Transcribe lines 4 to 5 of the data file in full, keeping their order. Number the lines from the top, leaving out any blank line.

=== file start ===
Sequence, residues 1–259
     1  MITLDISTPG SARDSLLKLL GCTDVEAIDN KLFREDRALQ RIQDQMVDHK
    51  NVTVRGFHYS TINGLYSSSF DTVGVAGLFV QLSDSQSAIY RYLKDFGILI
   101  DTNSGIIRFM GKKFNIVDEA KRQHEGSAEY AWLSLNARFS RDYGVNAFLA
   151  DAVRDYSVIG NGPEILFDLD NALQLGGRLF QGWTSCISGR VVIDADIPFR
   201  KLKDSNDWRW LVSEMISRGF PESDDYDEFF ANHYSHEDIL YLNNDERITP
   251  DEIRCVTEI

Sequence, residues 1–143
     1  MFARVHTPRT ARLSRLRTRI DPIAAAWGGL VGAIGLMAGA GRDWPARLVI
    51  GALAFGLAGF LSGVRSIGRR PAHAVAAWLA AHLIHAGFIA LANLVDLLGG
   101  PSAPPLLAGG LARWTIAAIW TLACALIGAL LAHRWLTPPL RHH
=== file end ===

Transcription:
   101  DTNSGIIRFM GKKFNIVDEA KRQHEGSAEY AWLSLNARFS RDYGVNAFLA
   151  DAVRDYSVIG NGPEILFDLD NALQLGGRLF QGWTSCISGR VVIDADIPFR